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Improving Your Home: Tips provided for keeping the inside of your house dry

Improving Your Home: Paul Bianchina gives some practical home maintenance tips for keeping that water where it belongs.
Oklahoman Published: April 19, 2014

It’s pretty dramatic to turn on the news and see a raging river that’s brought a flood of water 4 feet deep through someone’s home.

But what doesn’t make the news — and what’s far more likely to happen in your home — is water damage from a pipe, toilet, or some other much more common source.

It’s not something we give much thought to, but here are some practical home maintenance tips for keeping that water where it belongs.

Where are your water shutoffs?

First and foremost, do you know how to shut your water off should a leak occur? Typically, there are shutoff valves, called “stops,” located on each water line at each individual fixture; for example, there’s a stop on the cold water line leading to the toilet, and individual stops on the hot and cold water lines leading to each sink faucet.

There should also be individual stops for the dishwasher and icemaker, as well as larger shutoff valves for the hot and cold water lines at the washing machine, and the cold water line at the water heater.

In addition to the individual stops and valves, there’s a main shutoff, which shuts off the water to the entire house.

It’s very important that these stops and valves are in good working order — especially the main shutoff — and that you and all the family members know where they are. Take a moment to locate the main shutoff valve, and verify that it shuts off all the water to the house. If it doesn’t, have a plumber replace it immediately.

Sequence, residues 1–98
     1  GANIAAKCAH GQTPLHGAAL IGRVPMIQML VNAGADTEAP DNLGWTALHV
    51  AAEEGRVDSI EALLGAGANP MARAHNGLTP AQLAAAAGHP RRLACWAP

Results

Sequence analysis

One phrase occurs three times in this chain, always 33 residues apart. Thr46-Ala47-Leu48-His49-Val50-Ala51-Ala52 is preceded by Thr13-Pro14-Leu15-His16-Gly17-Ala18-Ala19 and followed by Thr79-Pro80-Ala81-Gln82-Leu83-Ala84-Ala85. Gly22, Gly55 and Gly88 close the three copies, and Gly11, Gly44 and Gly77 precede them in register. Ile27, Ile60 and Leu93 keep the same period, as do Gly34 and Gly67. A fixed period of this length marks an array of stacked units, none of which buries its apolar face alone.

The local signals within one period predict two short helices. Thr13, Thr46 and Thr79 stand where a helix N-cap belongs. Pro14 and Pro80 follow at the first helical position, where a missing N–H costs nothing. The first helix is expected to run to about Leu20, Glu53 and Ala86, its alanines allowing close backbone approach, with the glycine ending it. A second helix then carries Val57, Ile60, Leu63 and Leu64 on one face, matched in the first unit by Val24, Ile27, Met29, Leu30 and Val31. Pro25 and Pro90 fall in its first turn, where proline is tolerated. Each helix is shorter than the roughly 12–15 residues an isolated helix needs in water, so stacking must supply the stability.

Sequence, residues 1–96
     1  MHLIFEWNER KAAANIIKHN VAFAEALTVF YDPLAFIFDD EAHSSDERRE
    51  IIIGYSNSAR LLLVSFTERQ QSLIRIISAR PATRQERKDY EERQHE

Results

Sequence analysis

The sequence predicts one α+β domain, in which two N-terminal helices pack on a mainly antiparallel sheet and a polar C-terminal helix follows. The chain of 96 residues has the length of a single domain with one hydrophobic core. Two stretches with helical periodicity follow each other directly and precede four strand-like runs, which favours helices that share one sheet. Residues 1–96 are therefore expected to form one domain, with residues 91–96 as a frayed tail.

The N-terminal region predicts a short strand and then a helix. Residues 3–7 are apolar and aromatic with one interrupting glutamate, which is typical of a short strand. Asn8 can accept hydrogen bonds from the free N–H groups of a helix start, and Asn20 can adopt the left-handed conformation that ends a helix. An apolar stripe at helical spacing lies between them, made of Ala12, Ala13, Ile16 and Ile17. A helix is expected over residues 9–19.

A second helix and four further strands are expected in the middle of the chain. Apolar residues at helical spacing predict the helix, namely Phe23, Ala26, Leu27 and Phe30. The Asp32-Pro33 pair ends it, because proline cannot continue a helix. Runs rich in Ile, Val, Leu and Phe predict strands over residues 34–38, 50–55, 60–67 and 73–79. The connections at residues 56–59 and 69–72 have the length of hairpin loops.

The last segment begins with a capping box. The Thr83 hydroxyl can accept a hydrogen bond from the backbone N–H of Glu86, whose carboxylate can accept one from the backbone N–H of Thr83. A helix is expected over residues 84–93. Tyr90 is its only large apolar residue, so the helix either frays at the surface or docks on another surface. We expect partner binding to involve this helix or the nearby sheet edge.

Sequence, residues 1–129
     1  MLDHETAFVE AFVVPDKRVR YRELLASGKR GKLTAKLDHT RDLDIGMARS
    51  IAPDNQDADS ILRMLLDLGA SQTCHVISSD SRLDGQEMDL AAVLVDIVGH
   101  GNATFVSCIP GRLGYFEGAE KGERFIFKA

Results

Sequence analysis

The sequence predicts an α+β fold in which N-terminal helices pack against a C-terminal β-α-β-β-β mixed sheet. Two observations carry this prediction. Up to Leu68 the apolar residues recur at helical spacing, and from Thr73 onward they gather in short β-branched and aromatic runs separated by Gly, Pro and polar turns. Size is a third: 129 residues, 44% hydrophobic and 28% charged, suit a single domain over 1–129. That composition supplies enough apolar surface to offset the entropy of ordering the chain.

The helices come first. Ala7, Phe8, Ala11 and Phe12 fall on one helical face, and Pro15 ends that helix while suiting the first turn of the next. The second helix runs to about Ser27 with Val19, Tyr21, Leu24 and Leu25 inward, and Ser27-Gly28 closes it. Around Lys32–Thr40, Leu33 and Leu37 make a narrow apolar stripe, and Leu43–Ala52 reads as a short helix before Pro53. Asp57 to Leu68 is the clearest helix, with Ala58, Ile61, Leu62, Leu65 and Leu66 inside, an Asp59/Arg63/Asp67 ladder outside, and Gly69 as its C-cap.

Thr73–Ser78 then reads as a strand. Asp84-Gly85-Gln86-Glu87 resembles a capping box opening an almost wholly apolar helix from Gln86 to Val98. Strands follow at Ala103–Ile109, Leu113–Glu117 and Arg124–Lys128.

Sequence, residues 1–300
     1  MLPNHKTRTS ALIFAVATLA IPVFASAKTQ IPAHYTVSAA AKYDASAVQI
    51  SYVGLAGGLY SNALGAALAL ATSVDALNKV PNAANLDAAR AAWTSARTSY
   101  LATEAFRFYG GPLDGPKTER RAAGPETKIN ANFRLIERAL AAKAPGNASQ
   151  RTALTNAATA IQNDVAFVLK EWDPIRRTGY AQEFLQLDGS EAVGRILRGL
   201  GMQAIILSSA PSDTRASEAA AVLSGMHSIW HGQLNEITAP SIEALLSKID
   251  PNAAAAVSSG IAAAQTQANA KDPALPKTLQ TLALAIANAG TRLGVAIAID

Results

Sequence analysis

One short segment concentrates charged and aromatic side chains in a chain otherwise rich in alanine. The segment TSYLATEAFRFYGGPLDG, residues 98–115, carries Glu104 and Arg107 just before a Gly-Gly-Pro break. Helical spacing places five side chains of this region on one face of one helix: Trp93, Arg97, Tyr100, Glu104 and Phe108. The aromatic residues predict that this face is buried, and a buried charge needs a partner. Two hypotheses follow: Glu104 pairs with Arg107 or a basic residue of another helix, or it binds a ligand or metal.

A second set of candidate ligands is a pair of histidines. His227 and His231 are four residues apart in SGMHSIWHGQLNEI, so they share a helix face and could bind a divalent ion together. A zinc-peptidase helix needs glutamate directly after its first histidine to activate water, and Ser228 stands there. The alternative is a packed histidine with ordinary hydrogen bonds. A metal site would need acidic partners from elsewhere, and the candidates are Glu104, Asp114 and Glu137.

Excessive water pressure also can cause water pipes to leak or even rupture. If you suspect that your home might have too much pressure — typically anything in excess of 80 pounds per square inch (PSI) — have your plumber or water supplier test the pressure and install a pressure regulator.

Hoses and flex lines

One of the most common sources of water leaks in the home are the hoses and flexible copper lines that lead to your dishwasher, refrigerator ice maker, and washing machine.

Plan on checking the fittings on these lines for leaks once a year, and replace your washing machine hoses with reinforced hoses every five to seven years. Maintain 4 or more inches between the back of your washing machine and the hose connection to prevent kinking the hose and creating damage.

Overflowing and leaking toilets

Check the toilet supply stop and water line for leaks, and replace them if necessary. Check around the bottom of the toilet for moisture and also for softness in the floor, both of which can indicate a leaking wax ring (the seal at the bottom of the toilet) that needs to be replaced.

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